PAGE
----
Tuesday, April 17, 2012

Don Carson’s ‘Jesus and His Friends’ and Understanding Jesus’ Farewell Discourse in John 14-17

Chapters 14-17 of John’s gospel are sometimes called the ‘farewell discourse’. Set in the upper room as Jesus addresses his friends during (and after) the last supper, John recounts in these chapters some of Jesus’ most significant teaching about his ministry and mission, about his relationship with the Father and the Spirit, about the ongoing work of the Spirit, and concludes with his prayer for the disciples and for all believers. It is a significant passage and worthy of careful study.

A helpful guide in looking at the farewell discourse is Don Carson’s “Jesus and His Friends: His Farewell Message and Prayer in John 14 To 17”. This is not really a commentary (Carson has written one of those as well), but seeks to explain and apply the passage at a more popular level.

The farewell discourse begins with these words from Jesus: “Do not let your hearts be troubled. Trust in God; trust also in me. In my Father’s house are many rooms; if it were not so, I would have told you. I am going there to prepare a place for you. And if I go and prepare a place for you, I will come back and take you to be with me that you also may be where I am. You know the way to the place where I am going.” (John 14:1-4 NIV 1984)

The following is a quote from pages 19-20 of Jesus and His Friends explaining the significance of Jesus’ words and in general terms what the farewell discourse is all about:

Unable to grasp that Jesus’ departure from them is his return to the glory rightly his, by way of the cross and the tomb, the disciples wallow in their misery, fearing they are about to be abandoned. We, too, may sometimes slither around in the slough of despond and feel abandoned; but the situation in John 13 and 14 is unique. The sense of abandonment experienced by the disciples was prompted by an unrepeatable event in the history of redemption: the physical departure of Jesus by way of the cross. Therefore, although the disciples needed the general exhortation to trust in God and to trust in Jesus, they needed something more: they needed further instruction, more detailed explanation of the significance of the events to take place. Even if they remain unable to absorb all the details until after that epochal weekend had passed, Jesus’ words provided not only some immediate relief, but the framework ultimately made sense of the most important events in all history.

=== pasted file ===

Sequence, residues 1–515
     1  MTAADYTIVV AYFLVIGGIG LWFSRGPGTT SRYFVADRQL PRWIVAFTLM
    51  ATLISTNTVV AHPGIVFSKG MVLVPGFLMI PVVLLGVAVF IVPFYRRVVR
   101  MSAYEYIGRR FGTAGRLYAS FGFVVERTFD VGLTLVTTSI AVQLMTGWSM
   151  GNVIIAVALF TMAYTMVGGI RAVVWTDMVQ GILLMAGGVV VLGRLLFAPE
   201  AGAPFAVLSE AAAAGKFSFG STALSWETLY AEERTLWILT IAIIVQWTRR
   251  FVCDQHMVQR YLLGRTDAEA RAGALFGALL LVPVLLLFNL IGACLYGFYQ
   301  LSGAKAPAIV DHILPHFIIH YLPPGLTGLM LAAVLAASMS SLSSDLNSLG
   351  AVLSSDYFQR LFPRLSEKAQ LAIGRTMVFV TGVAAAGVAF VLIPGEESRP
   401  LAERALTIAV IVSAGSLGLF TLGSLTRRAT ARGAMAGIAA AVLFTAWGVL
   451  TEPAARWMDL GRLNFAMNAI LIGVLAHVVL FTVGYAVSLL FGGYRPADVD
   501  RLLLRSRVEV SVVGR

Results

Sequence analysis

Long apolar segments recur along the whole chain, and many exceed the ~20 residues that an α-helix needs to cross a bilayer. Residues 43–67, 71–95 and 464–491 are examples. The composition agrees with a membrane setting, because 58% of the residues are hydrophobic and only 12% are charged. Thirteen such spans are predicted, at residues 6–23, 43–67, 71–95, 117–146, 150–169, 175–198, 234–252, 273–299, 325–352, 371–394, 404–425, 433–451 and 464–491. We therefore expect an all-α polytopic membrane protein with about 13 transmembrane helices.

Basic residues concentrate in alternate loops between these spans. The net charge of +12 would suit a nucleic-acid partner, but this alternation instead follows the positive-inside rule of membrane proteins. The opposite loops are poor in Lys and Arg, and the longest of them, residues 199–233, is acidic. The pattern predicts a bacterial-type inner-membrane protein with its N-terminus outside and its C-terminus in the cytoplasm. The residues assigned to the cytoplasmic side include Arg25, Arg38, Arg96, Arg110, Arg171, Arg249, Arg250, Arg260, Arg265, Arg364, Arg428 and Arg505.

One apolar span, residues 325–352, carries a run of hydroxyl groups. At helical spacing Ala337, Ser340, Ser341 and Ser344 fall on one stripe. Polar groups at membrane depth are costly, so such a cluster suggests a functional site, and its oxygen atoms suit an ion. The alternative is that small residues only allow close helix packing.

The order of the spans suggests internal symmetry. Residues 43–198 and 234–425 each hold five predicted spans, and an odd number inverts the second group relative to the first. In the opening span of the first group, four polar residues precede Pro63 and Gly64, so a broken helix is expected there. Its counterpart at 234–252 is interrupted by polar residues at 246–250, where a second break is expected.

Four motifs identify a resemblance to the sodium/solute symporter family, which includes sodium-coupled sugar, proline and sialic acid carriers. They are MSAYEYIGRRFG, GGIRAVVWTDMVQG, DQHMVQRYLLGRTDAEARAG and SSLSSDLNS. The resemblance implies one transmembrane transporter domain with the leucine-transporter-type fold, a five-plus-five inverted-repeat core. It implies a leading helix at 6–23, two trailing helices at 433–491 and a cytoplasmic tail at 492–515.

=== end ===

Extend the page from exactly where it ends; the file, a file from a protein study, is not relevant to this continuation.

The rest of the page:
In other words, the Farewell Discourse must not be treated simplistically, as nothing more than Christian comfort designed to console defeated saints. Rather it is first and foremost an exposition of the significance of Jesus’ ‘going away’ to his father via the cross. It is elemental theology; and only as such does it offer encouragement and consolation. For troubled Christians there is little genuine comfort that is divorced from the significance of the events of that one weekend in Jerusalem and its environs almost two thousand years ago. This was especially true for those first believers, whose anguish was made particularly acute by the fact that they themselves participated in those events and were engulfed by them. But modern believers, too, best discover renewed faith and fortitude, not by clinging to isolated spiritual aphorisms and evangelical clichés, but by returning to a deep understanding of the historical and redemptive structure of their faith.

Within this framework, Jesus provides some content for his followers to believe (14:2-7); he enunciates truths they must believe if their faith is to be triumphant, their spirits tranquil. Unfortunately, the disciples grasp little of this, because they have already misjudged who Jesus is. The profound implications of the exhortation, ‘Trust in God; trust also in me’ (14:1) have quite passed them by; and therefore Jesus must review some of his earlier teaching and provide a lesson for slow learners concerning who he really is (14:8-14).
I hope you find this as helpful as I do in gaining an orientation to this passage – and to the Farewell Discourse as a whole.

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